800 years of rape culture

Yates Thompson manuscripts - The British Library

From The Taymouth Hours (Yates Thompson MS 13, folio 62r), 14th century. Courtesy the British Library

Rape in the Middle Ages was seen as a routine part of women’s lives, even as it was condemned. How far have we really come?

Carissa Harris is associate professor of English at Temple University in Philadelphia. She is the author of Obscene Pedagogies: Transgressive Talk and Sexual Education in Late Medieval Britain (2018).

Edited by Pam Weintraub

One of the most memorable lies about medieval rape appears early in Mel Gibson’s blockbuster film Braveheart (1995). As he ponders how to entice his English noblemen to live in Scotland, King Edward I declares that it’s time to reinstitute an old custom called prima nocte, or first night. He explains: ‘When any common girl inhabiting their lands is married, our nobles shall have sexual rights to her on the night of her wedding.’ (Just to be clear: this ‘old custom’ is fabricated to embellish a compelling narrative of Scottish suffering under English oppression.)

In the next scene, a large group of armed Englishmen interrupts a festive Scottish peasant wedding celebration. While their comrades restrain the struggling bridegroom with a dagger to his throat, two soldiers seize the bride by her arms. She looks back powerlessly at her new husband from the back of the English lord’s horse as it rides away.

Media portrayals of the Middle Ages often depict rape as a routine, legally sanctioned part of life for women, especially servants and peasants. They sensationalise medieval life and imply that things are so much better now by comparison, enabling us to bask in an unearned sense of progress. This fits with other popular ideas about that time period – that life back then was short and violent, marked by gaping disparities between nobles and commoners, and that women had no power whatsoever.

But did medieval rape culture in Europe really look like the Braveheart scene? And how much has actually changed between the Middle Ages and our own #MeToo era? The answers are surprising, and require a bit of unpacking to understand.

In England and Scotland between 1200 and 1600, rape – defined legally as a man having sex with a woman against her will and ‘by force’ – was considered a criminal offence, and there were laws in place to deal with rapists. Women themselves could press rape charges without the help of a father, brother or husband, in contrast to stereotypes of medieval women as helpless damsels in distress, dependent on men to come to their aid. Women could bear witness in court regarding their violation and try to seek justice and reparation. We can still hear their voices today in the form of survivor testimonies from medieval court records. These testimonies are often short on detail and laced with legal jargon, but we can nonetheless read them in the vein of present-day survivor narratives. While short and broad, the medieval documents nonetheless conjure contemporary traumas, such as the gut-wrenching account of Chanel Miller, found unconscious and half-naked behind a dumpster at Stanford University in 2015 after being sexually assaulted by Brock Allen Turner, then a student and swim team champ. Her missive, which went viral, expresses outrage that Turner, who faced 14 years in prison for felony sexual assault, in fact received just a paltry sentence of six months in 2016.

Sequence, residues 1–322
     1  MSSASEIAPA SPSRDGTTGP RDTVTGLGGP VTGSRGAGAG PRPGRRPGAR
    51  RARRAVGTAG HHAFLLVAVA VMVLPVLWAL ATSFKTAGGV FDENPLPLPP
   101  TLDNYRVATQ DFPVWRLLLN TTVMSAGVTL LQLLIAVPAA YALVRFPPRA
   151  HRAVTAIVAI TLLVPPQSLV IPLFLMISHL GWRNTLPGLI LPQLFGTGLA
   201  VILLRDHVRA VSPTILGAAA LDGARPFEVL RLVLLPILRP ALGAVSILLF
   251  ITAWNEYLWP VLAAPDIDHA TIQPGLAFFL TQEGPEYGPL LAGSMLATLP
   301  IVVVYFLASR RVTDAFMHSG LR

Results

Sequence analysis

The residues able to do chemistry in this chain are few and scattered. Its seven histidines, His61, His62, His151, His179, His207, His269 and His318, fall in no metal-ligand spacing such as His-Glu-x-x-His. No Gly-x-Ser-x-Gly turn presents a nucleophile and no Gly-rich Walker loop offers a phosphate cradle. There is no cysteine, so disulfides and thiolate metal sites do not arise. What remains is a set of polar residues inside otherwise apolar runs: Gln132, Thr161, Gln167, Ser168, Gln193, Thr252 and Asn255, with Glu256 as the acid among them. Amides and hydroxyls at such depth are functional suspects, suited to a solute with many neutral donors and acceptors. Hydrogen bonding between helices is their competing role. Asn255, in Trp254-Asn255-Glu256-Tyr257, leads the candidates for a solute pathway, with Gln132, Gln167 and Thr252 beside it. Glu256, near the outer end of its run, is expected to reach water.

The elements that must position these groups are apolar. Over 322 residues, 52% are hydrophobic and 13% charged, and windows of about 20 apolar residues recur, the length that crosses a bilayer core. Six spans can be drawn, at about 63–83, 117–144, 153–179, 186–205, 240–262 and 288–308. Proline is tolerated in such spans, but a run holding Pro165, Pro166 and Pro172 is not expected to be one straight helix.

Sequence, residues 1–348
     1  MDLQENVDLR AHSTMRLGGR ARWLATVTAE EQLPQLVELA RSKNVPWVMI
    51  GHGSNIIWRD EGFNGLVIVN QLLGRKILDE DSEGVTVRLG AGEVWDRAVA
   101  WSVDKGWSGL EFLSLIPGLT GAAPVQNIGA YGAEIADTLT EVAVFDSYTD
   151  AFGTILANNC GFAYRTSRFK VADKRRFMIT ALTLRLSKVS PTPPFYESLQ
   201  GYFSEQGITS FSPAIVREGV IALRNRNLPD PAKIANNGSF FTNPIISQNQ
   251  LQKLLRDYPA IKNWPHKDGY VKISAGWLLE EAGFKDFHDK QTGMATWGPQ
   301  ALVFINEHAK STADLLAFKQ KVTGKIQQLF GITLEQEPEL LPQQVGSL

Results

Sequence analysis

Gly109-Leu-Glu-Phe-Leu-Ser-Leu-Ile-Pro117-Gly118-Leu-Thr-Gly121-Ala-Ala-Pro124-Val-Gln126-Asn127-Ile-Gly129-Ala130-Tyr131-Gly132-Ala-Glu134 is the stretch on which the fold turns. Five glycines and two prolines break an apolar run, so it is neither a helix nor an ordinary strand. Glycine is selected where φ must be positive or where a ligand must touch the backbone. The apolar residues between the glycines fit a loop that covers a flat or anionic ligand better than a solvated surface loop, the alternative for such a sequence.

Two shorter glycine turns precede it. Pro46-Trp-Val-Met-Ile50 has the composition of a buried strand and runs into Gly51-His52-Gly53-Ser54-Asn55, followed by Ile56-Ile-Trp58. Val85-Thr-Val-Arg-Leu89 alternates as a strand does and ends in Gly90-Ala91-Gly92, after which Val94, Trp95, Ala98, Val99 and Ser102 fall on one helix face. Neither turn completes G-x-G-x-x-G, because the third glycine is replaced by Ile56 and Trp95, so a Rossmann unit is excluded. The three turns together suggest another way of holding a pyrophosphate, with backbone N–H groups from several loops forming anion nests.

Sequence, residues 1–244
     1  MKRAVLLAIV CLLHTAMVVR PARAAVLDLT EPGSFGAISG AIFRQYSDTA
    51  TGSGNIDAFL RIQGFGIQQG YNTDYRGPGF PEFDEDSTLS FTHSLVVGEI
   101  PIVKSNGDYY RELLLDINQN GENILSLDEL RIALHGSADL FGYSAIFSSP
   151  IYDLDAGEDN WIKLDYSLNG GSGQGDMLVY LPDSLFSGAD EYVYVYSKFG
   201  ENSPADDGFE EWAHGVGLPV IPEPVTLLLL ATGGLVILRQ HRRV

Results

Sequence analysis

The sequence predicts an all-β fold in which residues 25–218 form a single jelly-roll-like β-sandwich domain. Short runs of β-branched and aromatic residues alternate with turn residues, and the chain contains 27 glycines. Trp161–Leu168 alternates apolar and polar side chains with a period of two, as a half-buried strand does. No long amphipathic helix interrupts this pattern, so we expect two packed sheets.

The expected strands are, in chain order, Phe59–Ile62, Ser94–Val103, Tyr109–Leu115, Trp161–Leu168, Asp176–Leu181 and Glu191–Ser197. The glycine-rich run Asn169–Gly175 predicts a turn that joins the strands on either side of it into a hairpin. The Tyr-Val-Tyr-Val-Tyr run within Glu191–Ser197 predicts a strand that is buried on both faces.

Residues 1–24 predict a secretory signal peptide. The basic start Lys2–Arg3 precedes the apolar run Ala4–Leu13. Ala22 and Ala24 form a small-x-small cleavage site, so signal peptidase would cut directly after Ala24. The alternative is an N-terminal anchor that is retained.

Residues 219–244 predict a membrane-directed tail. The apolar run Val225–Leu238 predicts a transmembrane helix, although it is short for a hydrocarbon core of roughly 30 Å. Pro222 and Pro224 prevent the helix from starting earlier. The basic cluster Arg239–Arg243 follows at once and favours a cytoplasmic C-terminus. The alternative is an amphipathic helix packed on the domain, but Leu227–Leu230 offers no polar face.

Had that much changed in 800 years?

One case from Glasgow shows how survivor testimonies from the distant past can challenge our contemporary assumptions about medieval women, rape and power. A servant named Isobel Burne claimed that one John Anderson had tried to rape her by accosting her while she was at work. He threw her down on her back and hit her on the head with a clod of earth before ‘speaking sundry abominable words, not worthy of rehearsal’. Anderson confessed that Burne was telling the truth about her experience. As punishment, he was banished from the town ‘for the great offence to God and the slander to Isobel’. Even though Burne was a servant and a woman, the court sided with her rather than her more powerful assailant.

In another case, William de Hadestock and his wife Joan claimed in civil court that James de Montibus had broken into their home in London on a summer evening in 1269 with a group of armed men. One witness corroborated her account and testified that ‘after [James] had entered the house, he closed the door and tore [Joan’s] dress down to the navel, threw her to the ground and raped her, breaking her finger’. The court imprisoned Montibus until he could pay a hefty settlement of £5 to the couple. The rape, which actually occurred before Joan’s marriage to William, didn’t destroy her marital prospects. Instead, her new husband stood by her side in court as she sought justice and fought successfully for monetary compensation…



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